Nicholas Reid’s Coleridge, Form and Symbol
offers a systematic, critical reading of Coleridge’s philosophy of form and meaning. Among the major philosophical issues in Coleridge studies during the past forty years is the interpretation of his notion of the symbol. Symbols serve as a fulcrum for multiple issues within Coleridge’s thought, including notions of language, imagination, nature, and interpretation. The German idealist philosopher F. W. J. Schelling typically lurks behind the scenes in these discussions, since Coleridge infamously drew upon Schelling’s philosophy in the formation of his epistemology in Biographia Literaria
. Nicholas Reid’s carefully-constructed study contends that a concrete relationship exists between forms (such as nature or art) and ideas. Drawing from a wide range of major early poems and insightful readings of late prose writings such as the Opus Maximum
, Reid maintains that Coleridge’s philosophy of mind is predicated on a unity that extends from the being of the Triune God to the consubstantiality of symbols and ideas within creation. While clearly indebted to Schelling’s system, Coleridge’s late writings (from 1818 onwards) move beyond Schelling’s dialectic through an appeal to polar logic that avoids Schelling’s incipient pantheism and purportedly inadequate logic. Since Reid contends that Coleridge offers a coherent rather than fragmentary system, he is able to move comfortably between the late prose and early poetry in order to convey fresh insights into the inner logic of Coleridge’s metaphysics. Reid’s study thereby elucidates, in other words, what Coleridge so famously pondered in poems such as “Frost at Midnight,” with its “lovely shapes and sounds intelligible / Of that eternal language, which thy God / Utters” (Collected Coleridge
16.1:456). Reid divides the book into three parts: “Image and Form,” “Coleridge’s Poetry,” and “Coleridgean Metaphysics.” In “Image and Form,” Reid explains the foundational problem: how can nature or art forms embody meaning? Theories of representative perception are a key aspect of the contemporary debate. Flowing out of Locke’s belief that the individual perceives (via optic nerves, etc.) and re-presents the physical world in the mind, representationalist theories assert the immediacy of the world. Reid denies the passivity of human perception that he finds in representationalist theories by appealing to the epistemology of the early twentieth-century philosopher L. A. Reid. Reid argued that the mind does not passively receive immediate sensory impressions of the world, but rather “images” the world in acts of knowing: “Reid saw the active nature of perception as paradigmatic of the active and constructive nature of mind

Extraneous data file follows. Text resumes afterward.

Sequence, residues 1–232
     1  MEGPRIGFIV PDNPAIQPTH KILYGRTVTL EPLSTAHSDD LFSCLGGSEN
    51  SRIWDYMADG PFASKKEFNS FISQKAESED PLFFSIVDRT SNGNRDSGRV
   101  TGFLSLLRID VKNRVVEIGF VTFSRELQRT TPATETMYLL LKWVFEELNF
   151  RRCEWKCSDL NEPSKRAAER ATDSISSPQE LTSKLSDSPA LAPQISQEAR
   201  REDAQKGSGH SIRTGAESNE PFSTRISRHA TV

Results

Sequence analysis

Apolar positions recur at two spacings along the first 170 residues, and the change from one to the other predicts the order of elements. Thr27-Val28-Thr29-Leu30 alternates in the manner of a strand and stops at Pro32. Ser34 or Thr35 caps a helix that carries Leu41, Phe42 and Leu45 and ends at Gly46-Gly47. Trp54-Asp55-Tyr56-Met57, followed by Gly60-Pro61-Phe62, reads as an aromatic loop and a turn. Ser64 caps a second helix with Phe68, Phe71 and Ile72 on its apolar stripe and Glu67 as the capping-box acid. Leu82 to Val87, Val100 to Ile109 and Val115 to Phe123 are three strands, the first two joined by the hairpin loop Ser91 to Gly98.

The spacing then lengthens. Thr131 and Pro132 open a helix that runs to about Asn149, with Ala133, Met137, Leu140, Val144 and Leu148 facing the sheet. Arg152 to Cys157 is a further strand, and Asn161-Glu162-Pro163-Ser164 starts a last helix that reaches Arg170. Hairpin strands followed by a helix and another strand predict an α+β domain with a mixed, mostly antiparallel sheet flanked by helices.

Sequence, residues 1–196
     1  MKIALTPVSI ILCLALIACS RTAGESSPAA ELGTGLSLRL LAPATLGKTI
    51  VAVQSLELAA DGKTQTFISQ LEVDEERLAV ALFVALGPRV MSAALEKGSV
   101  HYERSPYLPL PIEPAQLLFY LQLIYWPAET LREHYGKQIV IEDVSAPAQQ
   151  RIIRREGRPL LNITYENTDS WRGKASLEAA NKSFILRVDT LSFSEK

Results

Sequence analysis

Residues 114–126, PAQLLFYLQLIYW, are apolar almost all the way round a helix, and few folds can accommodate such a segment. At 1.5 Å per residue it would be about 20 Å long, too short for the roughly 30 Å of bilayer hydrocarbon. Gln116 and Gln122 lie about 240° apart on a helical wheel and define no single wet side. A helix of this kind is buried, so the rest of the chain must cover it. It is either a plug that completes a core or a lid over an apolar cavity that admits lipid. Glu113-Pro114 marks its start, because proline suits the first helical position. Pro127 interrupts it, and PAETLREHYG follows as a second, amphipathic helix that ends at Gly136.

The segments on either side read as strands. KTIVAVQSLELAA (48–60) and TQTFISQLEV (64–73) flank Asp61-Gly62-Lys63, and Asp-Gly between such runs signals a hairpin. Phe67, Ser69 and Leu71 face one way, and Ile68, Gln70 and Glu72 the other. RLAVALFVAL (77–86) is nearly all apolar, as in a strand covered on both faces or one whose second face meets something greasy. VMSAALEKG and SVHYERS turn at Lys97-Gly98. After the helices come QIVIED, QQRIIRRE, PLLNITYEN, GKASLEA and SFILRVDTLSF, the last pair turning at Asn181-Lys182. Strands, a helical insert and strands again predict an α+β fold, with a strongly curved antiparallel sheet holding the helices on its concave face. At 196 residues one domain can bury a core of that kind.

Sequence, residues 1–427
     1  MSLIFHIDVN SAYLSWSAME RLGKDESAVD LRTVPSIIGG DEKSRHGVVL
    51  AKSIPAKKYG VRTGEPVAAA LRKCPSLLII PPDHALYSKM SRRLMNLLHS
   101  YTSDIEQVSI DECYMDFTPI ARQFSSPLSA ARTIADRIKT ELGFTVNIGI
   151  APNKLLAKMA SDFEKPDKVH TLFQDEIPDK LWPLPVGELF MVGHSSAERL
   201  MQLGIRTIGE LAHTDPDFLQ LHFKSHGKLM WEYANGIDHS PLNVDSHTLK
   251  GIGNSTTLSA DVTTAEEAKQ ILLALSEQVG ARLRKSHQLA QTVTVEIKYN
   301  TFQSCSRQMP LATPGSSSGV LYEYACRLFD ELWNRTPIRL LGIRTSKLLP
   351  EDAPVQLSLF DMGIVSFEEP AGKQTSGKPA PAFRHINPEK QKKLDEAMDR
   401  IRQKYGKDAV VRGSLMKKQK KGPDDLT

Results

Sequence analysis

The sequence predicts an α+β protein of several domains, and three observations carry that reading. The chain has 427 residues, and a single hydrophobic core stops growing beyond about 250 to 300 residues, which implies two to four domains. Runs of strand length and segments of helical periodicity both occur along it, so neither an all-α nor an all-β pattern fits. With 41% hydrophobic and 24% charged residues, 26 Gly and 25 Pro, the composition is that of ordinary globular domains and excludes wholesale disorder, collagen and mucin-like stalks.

more generally. Images are not merely passively ‘received’ from the outside world: they are active mental constructs, and hence precisely the kind of thing which can embody meaning” (16). Although Reid does not offer an exhaustive review of the contemporary debate, his explication effectively demonstrates something of the inherent philosophical issue with which Coleridge grappled (for example, the perceiving subject remains a relevant topic in contemporary epistemology), and he sets the stage for an explication of the way that Coleridge distanced himself from notions of the passive mind that he briefly experimented with in his early years (especially Hartleyan associationalism in the 1790s). All this begs the question: what is form? Form is a broad term for Reid, since form encapsulates the transformative process whereby data is converted and preserved in a new medium. Form is not limited to shape or structure alone: the form of the Grecian urn, for example, is not limited to its shape in silhouette alone, but also includes other “sensuous” aspects such as texture, color, and sheen. Aesthetic works can be defined, then, according to the transformative and preservative structure of ...
Jeffrey W. Barbeau is Associate Professor of Theology in the Graduate School of Wheaton College (Ill.). Recent publications include Coleridge, the Bible, and Religion (New York: Palgrave Macmillan, 2008) and, as editor, Coleridge’s Assertion of Religion: Essays on the Opus Maximum (Louvain: Peeters, 2006). Current research projects include books and articles on Romanticism and religion, the theological writings of Sara Coleridge, and global Methodism.